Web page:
In almost every blog these days, there is a listing page of blog posts with “Read more” or ellipsis (…) to show there is more content to be viewed. Many people will use backend languages, such as PHP and Ruby, to truncate the text before it gets to the browser. That is an effective technique that works well. However, if you want to be more responsive and allow the browser to be able to change how much text is shown depending on the screen width, you should use CSS to create these ellipsis.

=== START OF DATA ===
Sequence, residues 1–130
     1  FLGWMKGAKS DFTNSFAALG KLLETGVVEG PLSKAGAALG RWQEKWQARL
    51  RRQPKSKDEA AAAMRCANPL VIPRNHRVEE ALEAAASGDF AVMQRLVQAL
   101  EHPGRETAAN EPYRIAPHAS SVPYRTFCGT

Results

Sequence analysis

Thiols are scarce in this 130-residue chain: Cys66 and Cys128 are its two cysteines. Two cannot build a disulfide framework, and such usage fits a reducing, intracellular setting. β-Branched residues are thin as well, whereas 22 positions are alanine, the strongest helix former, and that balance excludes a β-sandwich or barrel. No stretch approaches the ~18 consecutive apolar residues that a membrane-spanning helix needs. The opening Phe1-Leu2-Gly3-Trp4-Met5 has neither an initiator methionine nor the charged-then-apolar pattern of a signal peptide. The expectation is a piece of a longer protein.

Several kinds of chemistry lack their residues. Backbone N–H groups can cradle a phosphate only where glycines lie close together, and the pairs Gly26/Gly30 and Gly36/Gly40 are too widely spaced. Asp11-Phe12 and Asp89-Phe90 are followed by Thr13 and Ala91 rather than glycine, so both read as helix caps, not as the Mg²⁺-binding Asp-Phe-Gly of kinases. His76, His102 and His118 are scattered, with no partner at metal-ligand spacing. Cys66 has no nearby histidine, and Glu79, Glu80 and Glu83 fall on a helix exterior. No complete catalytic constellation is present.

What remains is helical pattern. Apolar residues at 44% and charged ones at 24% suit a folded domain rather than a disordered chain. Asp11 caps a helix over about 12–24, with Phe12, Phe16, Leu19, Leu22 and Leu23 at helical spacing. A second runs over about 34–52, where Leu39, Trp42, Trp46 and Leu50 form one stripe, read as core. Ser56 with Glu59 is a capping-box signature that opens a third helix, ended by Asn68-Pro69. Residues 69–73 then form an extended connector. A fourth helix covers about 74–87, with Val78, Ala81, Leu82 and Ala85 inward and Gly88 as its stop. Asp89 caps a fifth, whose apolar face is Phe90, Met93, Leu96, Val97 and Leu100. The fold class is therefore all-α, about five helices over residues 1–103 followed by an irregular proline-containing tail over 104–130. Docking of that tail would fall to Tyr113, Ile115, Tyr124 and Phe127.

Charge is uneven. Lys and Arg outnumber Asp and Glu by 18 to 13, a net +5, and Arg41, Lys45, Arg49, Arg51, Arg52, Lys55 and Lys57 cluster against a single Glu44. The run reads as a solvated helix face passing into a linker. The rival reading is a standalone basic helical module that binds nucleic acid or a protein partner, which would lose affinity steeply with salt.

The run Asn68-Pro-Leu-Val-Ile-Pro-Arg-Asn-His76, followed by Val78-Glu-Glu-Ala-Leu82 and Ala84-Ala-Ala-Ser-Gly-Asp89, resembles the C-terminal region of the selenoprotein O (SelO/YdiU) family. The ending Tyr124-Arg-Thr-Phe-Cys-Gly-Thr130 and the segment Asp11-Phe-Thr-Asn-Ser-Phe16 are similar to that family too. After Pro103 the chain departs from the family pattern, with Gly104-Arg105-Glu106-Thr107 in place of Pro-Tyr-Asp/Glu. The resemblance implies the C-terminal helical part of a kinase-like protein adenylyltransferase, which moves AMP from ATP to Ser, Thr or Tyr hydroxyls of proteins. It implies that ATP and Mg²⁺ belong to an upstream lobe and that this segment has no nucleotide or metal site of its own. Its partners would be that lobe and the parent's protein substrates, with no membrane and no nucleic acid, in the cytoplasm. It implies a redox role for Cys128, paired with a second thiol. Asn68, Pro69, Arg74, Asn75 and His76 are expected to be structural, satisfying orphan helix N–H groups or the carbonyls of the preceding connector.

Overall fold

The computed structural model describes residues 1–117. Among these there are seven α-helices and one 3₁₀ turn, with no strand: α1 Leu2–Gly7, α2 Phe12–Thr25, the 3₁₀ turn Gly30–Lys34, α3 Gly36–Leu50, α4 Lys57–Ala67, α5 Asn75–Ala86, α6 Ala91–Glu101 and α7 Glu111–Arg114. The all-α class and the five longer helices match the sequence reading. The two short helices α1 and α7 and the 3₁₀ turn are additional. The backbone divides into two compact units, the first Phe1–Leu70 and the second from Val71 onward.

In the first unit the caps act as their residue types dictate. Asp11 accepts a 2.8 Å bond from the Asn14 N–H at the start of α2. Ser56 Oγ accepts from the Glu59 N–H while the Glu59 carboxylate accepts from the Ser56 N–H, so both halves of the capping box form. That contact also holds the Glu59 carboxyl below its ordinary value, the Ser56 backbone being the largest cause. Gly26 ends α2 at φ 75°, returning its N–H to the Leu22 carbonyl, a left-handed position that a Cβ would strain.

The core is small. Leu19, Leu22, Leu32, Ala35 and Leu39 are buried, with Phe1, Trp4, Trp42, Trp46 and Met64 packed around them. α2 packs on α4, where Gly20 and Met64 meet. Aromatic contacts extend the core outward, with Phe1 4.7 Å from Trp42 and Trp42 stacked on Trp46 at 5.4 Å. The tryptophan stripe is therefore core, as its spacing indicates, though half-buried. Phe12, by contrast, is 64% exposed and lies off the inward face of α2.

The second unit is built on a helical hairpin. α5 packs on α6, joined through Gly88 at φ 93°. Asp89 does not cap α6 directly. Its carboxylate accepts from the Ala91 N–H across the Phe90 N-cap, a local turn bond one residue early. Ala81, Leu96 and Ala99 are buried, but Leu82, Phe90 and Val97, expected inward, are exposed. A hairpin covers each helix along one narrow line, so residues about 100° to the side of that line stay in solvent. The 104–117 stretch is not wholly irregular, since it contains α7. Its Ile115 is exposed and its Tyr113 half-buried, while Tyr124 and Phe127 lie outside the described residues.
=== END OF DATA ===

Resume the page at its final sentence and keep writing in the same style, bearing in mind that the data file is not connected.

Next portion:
Some sites allow guest users to still interact with it. Kandid.ly allows you to like a photo, for example. CodePen and JSFiddle allow you to create pieces of code without having an account. Devise by default doesn’t have anything in it for having guest users on your site. Adding this functionality is not a difficult thing to do.
Facebook has friends. Twitter has followers. LinkedIn has connections. A staple of a social media site is the ability to let people connect with other user in some way. It’s not very social if people aren’t interacting. Adding this to a website isn’t that difficult. It just takes some thought into what that relationship looks like on a database level.